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Cas City Forum Hall & CAS-L  |  CAS TOPICS  |  The Powder Room - CAS reloading (Moderator: Professor Marvel)  |  Topic: Interesting incident with 44-40 0 Members and 1 Guest are viewing this topic. « previous next »
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Good Troy
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« on: October 30, 2017, 12:16:24 pm »


Just to share information...as this is a first for me, and first I've heard of in my (limited) experiences. 

Yesterday, I had 44-40 cartridge separate upon firing.  The cartridge broke cleanly at the start of the bottle-neck.  This section of the cartridge went down the barrel, and made it to within about 3 or 4" from the muzzle.  This was a BP cartridge with a typical load of this cartridge - ~32 grains of 2F Goex.

I noticed nothing unusual about the shot fired from this cartridge.  I was at the range and shooting at 50 yards, so I didn't realize (at the time of the shot) that it didn't even come close to the target. 

Though nothing serious may have occurred with a shot following this event, I wouldn't want to find out for sure.  Several coincidences kept me from taking another shot.   It was the last shot in a string of 10, and I was cleaning the barrel between shooting strings.  I didn't eject the cartridge to the ground, but grabbed it before it hit the ground. (Typically, I eject, let the cartridge fall to the ground and pick up my brass at some point later.)  So, I realized that the cartridge had broken....but I expect the neck to be in the chamber not the barrel!  I was able to force the broken section out with a cleaning rod and jag.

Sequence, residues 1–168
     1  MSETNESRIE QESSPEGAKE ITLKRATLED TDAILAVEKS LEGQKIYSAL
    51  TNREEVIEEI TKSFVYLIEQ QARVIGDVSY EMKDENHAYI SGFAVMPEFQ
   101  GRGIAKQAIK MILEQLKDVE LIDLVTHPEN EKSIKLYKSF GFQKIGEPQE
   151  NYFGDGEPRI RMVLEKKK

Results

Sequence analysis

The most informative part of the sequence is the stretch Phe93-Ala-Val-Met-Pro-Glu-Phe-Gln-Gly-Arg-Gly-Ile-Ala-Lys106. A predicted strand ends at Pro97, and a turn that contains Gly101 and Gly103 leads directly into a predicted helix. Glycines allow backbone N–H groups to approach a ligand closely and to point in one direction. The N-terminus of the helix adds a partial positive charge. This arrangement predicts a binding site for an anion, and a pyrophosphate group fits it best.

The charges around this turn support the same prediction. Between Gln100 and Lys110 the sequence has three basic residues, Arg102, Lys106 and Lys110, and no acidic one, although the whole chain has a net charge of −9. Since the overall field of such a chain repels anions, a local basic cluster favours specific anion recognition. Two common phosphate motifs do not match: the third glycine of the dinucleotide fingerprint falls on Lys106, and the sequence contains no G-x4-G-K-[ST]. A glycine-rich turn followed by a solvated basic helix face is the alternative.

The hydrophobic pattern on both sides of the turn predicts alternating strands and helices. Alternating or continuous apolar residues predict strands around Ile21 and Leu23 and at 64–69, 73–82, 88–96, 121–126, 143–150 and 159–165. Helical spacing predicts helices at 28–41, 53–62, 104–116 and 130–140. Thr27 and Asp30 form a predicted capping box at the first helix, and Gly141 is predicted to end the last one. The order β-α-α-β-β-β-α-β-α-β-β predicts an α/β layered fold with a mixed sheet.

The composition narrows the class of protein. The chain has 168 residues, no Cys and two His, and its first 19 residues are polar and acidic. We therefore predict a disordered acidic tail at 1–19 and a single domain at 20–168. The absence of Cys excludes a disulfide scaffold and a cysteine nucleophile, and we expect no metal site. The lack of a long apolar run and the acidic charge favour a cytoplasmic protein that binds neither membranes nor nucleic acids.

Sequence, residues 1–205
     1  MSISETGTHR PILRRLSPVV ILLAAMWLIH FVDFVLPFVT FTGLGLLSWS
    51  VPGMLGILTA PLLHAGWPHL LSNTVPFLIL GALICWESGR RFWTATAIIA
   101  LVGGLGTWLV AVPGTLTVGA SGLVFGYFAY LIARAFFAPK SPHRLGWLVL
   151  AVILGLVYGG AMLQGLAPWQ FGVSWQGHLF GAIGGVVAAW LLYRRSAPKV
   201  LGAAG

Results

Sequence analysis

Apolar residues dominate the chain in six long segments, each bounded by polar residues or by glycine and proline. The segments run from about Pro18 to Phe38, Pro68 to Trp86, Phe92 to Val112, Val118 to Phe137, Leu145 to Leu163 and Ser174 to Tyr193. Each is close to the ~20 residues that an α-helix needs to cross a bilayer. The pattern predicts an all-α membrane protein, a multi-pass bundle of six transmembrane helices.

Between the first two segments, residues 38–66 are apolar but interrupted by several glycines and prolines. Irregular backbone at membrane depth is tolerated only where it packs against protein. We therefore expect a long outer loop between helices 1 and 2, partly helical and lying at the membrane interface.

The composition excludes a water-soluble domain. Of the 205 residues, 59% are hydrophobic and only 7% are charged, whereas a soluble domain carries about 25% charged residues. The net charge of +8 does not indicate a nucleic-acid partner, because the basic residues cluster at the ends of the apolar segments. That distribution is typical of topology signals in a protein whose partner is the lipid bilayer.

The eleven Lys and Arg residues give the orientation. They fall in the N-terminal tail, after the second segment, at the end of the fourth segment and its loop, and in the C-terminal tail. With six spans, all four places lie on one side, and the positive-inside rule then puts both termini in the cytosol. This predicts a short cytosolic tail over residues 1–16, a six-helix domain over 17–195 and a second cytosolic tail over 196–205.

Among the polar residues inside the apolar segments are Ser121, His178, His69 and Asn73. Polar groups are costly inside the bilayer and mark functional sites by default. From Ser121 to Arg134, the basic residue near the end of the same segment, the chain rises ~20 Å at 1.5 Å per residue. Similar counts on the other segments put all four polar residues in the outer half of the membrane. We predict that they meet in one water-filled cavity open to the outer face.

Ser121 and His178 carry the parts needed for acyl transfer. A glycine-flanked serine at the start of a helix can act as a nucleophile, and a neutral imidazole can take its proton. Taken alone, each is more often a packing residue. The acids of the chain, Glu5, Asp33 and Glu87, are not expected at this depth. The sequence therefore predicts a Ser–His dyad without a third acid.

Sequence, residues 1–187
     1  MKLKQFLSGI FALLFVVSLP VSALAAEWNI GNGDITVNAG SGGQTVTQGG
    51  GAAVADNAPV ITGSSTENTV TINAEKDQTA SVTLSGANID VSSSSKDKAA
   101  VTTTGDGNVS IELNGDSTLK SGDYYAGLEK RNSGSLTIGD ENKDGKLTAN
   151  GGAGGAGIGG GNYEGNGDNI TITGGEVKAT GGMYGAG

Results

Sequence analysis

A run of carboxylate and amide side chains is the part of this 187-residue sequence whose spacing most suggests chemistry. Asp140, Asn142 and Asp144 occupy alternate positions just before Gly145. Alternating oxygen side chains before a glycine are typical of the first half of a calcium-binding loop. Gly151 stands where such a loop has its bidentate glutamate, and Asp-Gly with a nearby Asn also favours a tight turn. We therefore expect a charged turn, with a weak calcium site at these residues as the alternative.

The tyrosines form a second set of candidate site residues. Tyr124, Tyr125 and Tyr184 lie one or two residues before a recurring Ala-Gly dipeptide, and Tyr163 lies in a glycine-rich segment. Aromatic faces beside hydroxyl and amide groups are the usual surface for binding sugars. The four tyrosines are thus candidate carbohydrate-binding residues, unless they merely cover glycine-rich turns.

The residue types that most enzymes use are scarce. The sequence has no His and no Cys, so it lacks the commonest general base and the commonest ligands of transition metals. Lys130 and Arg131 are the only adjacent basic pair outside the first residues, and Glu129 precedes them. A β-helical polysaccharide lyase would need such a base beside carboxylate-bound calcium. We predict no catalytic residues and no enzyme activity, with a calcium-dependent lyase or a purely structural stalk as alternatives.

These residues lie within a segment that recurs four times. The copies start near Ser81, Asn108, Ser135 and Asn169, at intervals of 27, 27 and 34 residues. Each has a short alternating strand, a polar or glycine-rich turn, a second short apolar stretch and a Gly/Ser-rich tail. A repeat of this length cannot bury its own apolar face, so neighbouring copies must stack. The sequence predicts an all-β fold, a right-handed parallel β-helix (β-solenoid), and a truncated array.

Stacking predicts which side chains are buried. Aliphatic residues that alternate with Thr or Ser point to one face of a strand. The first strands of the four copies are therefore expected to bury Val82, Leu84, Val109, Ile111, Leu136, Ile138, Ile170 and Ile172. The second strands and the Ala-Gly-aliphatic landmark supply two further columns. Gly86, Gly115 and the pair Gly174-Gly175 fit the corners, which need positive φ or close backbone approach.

A few things I learned.....

Inspect cartridges thoroughly before reloading!  As a general rule, I normally reload my 44-40 cases until it shows a split at the mouth on the expansion step.  Obviously, in retrospect, this cartridge should not have been reloaded.  It appear very tarnished and brittle!
Check neck sizing die...

I discussed this with a few other reloaders, and one pointed out the I could be "oversizing" the neck leaving a gap in the chamber...that is, I'm moving the profile of the bottleneck further down from the top of the case.
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Good Troy
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« Reply #1 on: October 30, 2017, 12:47:38 pm »

  Troy I've had this happen on several occasions. Always it seems with my black powder 38-40 and .44-40 brass that has been reloaded several times. In most instances the 'separated' cartridge neck stays in the chamber mouth and will not allow the next cartridge to fully chamber. Watching at all steps during reloading for even the smallest signs of an annular crack at the base of the neck is the best visual indicator.
  Should a separated neck remain in the chamber mouth I have been successful removing the broken case neck by forcing a soft lead, oversized to the bore, C&B round ball down the bore with a brass squib rod. The ball takes on the bore's lands and grooves and will pick up the broken case mouth pushing it out of the chamber. I have known of an instance where this trick didn't work and required the dismounting of the barrel from receiver to extract the broken case mouth lodged in the chamber. Eye ball your brass closely.